If you’re skilled at weeding, using a machete to dig under the roots while pulling the weeds makes it a whole lot easier.

2. Mulch

This is the quintessential part of gardening no gardener goes without.

Mulch helps to keep the soil cool and moist, which keeps weeds from receiving much-needed light.  

Even better, if you make use of organic mulches, you invite such helpful bugs as crickets and carabid beetles which actually feed on weed seeds by the thousands.  

Just be sure to keep replenishing the mulch regularly to keep the soil about 2 inches deep.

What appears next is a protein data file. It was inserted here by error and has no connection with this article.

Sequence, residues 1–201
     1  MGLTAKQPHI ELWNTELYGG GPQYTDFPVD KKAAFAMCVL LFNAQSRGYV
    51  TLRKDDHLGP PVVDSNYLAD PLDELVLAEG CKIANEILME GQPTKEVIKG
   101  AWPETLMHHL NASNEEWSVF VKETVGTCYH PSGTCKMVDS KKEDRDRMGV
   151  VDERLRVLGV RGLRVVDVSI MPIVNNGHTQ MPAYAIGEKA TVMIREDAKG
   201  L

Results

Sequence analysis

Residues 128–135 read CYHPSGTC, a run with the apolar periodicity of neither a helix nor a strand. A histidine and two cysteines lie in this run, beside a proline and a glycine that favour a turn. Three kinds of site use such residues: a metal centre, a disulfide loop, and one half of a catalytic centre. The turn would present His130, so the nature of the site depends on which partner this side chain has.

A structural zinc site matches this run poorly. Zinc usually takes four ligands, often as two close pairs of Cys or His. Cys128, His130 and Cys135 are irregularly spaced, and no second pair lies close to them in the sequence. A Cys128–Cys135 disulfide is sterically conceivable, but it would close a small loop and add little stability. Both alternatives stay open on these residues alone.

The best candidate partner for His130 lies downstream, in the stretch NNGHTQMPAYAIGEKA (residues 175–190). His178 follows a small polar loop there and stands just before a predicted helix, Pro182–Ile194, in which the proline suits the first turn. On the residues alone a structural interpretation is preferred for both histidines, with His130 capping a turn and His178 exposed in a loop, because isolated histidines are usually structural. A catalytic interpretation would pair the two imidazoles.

3. Use Vinegar

Does vinegar kill weeds? It sure can! For those considering how to kill weeds naturally, vinegar is one of the greatest alternative ingredients to harsh chemical products.

It is versatile and has many uses for inside your home but can be used outdoors, too. It is the high acidic content that makes it an effective herbicide.

To use vinegar to get rid of weeds, simply combine the vinegar with a couple of drops of organic liquid soap in a bottle with a spray nozzle.

4. Plant Cover Crops 

These beneficial plants are otherwise called ‘green manure’.

In reality, it’s the practice of planting a large batch of thick crops that exist to choke weeds and steal their nutrients before they can mature.

Alongside this benefit, some cover crops can even kill weeds through the release of natural chemicals.

These plants can also be plowed or turned under when the time comes to plant other crops.